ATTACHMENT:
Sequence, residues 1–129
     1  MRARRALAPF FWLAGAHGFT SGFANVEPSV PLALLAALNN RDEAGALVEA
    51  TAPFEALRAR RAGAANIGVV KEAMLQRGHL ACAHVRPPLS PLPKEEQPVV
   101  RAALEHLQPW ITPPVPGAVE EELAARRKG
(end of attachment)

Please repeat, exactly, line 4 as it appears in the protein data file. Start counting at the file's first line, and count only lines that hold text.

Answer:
   101  RAALEHLQPW ITPPVPGAVE EELAARRKG